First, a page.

At point A the driver is at maximum speed from accelerating down the straight-away, and this is their lift point, the spot where they get off the throttle and onto the brakes to slow the car. As the car turns in, point B, the car is slowing and the driver is turning more to the left. By point D the car is at it slowest and the driver has turned the wheel to the maximum for this curve. From point A to D the car has been literally going down-hill due to the banking. At point D the car starts going up-hill, the driver starts accelerating and decreasing the turn of the steering wheel. As the race car exits the turn, through points E, F, and G, it is accelerating and going up hill, all the while decreasing the amount of turn in the steering wheel, the car is straightening out for the run down the next straight.

However, if by point G the car is still turning, and running as fast as the tires will allow without sliding, then as the car crests the hill at G and starts down towards section line 4, the wheels will partially unload and the car will suddenly slide sideways towards the wall: it actually appears to “jump” sideways.
Watch for TV views from the vantage point of looking down the straight-away towards a turn and see how often a car “jumps” sideways to get crunched by the Dover Monster.

Some drivers can learn intuitively what the drive path is that will allow them to defeat theDover Monster, but it’s a slow process; much easier and quicker if you have a good engineer.

All the big teams with 7 post rigs and race car engineers can calculate the path and show the driver where it is and at what speeds (engine RPM) they can negotiate the turn. The 7 post rig also allows the team to evaluate different set-up combinations, springs and shocks, for a given track, before they ever leave their race shop. This is in part why the well funded teams are the only ones that win, with the exception of a weather fluke as last week in Charlotte (Lowe’s).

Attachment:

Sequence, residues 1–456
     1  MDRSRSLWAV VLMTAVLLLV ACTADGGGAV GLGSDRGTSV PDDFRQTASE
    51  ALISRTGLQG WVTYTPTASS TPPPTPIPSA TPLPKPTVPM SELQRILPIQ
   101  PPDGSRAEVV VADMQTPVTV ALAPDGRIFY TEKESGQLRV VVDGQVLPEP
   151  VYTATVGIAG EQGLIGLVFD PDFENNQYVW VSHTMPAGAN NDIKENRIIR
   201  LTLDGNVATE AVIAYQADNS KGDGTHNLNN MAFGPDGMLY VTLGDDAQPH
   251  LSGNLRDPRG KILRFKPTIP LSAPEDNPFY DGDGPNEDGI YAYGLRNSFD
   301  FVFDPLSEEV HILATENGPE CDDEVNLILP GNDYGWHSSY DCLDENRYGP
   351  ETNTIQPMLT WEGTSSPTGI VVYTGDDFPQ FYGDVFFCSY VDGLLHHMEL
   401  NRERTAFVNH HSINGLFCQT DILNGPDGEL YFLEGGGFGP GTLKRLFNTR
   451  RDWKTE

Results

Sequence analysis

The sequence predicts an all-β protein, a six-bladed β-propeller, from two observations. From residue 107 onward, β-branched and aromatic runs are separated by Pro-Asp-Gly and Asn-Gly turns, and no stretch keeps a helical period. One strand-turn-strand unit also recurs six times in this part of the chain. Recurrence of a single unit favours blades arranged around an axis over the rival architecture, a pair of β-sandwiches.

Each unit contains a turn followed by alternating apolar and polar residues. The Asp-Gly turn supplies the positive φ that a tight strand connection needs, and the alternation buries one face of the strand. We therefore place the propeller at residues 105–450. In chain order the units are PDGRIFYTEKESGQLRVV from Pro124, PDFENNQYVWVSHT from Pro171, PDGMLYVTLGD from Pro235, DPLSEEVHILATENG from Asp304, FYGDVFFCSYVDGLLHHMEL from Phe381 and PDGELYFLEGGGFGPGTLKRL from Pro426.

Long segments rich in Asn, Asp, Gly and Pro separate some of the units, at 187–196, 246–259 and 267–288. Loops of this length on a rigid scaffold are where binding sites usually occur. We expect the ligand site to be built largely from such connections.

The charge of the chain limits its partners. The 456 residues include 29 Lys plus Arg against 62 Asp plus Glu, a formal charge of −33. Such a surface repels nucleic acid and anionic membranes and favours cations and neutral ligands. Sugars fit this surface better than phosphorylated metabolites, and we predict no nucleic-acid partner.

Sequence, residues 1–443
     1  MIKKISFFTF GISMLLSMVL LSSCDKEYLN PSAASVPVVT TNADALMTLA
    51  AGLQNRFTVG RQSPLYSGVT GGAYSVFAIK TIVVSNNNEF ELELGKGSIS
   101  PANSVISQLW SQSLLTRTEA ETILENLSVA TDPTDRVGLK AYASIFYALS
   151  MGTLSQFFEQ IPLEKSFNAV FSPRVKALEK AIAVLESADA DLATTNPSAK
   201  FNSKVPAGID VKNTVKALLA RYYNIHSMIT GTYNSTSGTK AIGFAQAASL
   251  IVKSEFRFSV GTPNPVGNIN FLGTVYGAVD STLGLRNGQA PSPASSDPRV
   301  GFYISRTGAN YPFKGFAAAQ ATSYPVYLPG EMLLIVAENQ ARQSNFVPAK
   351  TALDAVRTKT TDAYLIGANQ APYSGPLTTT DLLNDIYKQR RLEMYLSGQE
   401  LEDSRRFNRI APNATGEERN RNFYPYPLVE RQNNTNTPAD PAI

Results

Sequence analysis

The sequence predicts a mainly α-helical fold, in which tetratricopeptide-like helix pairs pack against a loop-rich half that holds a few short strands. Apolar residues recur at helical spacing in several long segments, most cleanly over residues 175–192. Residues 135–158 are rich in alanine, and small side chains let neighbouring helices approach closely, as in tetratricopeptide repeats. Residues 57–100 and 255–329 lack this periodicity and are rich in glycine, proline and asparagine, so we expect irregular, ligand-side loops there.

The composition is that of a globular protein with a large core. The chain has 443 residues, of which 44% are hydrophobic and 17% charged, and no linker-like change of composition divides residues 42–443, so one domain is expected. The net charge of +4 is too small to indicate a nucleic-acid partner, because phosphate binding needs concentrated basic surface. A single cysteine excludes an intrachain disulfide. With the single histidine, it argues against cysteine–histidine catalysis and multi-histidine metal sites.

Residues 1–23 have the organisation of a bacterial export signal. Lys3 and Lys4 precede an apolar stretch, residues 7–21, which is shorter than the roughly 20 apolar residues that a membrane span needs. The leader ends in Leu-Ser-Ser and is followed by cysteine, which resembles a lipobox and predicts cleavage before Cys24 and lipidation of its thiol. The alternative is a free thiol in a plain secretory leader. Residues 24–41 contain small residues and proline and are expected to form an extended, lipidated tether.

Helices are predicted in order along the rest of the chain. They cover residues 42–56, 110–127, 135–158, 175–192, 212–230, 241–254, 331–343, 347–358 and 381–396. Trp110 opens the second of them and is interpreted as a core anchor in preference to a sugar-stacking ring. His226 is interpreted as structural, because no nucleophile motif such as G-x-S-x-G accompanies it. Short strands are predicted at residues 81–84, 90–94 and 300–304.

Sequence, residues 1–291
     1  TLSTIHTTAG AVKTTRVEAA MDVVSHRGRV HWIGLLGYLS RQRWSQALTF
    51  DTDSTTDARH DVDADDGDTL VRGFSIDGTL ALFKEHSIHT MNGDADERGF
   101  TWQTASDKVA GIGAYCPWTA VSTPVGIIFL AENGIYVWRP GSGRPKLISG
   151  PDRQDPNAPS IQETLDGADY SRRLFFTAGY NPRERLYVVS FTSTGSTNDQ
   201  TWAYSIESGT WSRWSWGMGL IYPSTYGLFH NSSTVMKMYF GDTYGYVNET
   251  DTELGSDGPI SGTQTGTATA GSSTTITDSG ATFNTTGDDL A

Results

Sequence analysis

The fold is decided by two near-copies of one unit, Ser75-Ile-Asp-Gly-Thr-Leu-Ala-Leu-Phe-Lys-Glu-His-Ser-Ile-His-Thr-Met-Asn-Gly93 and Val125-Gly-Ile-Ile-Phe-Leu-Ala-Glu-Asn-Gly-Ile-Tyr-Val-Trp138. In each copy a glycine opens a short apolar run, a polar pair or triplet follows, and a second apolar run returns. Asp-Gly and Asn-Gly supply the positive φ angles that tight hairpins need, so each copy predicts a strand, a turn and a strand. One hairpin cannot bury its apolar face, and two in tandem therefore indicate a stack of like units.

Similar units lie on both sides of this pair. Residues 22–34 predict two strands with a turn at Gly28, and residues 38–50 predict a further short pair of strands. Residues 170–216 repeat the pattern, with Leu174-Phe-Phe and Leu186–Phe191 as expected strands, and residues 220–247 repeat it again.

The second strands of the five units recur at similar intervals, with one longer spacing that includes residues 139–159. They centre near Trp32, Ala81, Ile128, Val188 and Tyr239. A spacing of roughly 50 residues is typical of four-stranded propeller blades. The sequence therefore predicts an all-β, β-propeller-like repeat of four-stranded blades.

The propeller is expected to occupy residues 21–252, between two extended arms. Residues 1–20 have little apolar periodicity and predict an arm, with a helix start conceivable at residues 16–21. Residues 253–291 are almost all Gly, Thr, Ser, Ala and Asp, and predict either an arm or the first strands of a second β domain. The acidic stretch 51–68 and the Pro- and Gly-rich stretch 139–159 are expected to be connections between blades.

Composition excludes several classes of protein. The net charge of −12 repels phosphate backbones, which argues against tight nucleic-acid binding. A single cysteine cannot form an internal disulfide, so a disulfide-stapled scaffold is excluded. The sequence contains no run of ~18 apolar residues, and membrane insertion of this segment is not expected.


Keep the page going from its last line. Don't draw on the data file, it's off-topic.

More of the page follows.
Just having sophisticated equipment such as a 7 post rig is in itself not sufficient to win races, the crew chief must be technically astute enough to understand and utilize the information which engineers can provide; this is the essential skill of some one such as Chad Knaus (for the 48 car), Steve Letarte (for the 24 car) and Alan Gustafson (for the 5 car) in the Hendrick operations.


  1. This is a really fascinating post - I'm glad you put it up. The combination of real photos with your drawings is very helpful, and how you walk through those diagrams.

    It would be great if you could put this type of analysis up for the various different tracks.

    Maybe an analysis of the surface differences (concrete vs asphalt).

    Also how the track surfaces change over time due to weather, afternoon/night, rubber on the track, etc. Those would all be cool too.

  2. I teach math modeling classes and this gives a great background for my lesson next week. Thanks and send more.

  3. 36 Races,
    Thanks for the comment; interestingly enough the next blog will be about Pocono (the race after Dover). It is a curious track with three different turns each designed to mimic an existing, famous track (Trenton, now out of business; Indy; and the Milwaukee Mile). More of this in the next blog.
    prof pi

  4. Bev in Charlotte,
    Glad we can help make math and science interesting; perhaps we can infect more students with "the Knack."
    Anyone who hasn't seen the Dilbert clip and knows an engineer, must watch it.
    Those who are infected with the Knack thank all you teachers who indulged us.
    prof pi

  5. Well hello there prof! Again, another fantastic explanation of how this sport is so rich in mathematics and science. Dover is one of my favorite tracks to watch on TV (hopefully in person one day) because of the car's exit from the turns :-) Keep these comin'!

  6. M.E.,
    Thank you for the comment, glad you're enjoying the site and a somewhat technical view of race tracks and racing.

    Prof pi